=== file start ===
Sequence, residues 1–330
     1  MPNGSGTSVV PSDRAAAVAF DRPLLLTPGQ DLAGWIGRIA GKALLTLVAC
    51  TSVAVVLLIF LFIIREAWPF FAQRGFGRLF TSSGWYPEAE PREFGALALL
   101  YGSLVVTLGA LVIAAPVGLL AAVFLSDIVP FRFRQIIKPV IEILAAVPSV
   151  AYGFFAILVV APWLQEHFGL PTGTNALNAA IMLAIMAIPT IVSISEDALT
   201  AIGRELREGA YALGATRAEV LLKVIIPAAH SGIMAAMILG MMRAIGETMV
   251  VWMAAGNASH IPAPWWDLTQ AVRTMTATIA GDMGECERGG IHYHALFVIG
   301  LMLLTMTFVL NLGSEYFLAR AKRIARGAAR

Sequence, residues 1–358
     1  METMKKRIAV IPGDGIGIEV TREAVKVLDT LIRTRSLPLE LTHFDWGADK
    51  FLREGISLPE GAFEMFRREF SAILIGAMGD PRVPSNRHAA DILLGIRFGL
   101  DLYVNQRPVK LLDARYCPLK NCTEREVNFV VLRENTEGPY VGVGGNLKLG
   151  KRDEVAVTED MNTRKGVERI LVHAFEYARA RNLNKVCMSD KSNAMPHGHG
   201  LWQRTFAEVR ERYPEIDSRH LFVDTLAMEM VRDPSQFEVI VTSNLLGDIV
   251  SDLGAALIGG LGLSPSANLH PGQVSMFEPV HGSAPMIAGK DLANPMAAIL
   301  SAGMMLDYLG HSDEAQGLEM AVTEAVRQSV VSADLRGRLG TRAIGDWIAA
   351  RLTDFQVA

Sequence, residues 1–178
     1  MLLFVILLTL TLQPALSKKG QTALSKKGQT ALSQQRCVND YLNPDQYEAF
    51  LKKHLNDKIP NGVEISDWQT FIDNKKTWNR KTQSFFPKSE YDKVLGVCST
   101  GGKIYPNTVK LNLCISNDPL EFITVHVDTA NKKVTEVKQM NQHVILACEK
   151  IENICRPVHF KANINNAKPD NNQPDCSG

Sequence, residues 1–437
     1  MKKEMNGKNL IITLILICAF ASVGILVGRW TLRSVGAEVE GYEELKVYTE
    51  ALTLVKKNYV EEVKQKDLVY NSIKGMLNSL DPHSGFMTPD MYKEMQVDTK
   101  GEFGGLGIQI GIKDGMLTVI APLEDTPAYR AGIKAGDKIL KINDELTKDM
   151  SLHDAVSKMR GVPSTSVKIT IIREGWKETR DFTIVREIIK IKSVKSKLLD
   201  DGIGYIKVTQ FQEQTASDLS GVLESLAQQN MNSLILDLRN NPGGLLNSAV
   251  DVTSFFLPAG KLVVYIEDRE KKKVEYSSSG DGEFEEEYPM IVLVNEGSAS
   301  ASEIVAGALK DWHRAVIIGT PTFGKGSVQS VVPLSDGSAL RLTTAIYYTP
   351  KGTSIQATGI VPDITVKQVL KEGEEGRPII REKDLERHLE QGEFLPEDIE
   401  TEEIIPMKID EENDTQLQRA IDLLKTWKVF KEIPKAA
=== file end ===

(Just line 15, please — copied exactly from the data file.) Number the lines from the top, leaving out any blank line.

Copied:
   251  SDLGAALIGG LGLSPSANLH PGQVSMFEPV HGSAPMIAGK DLANPMAAIL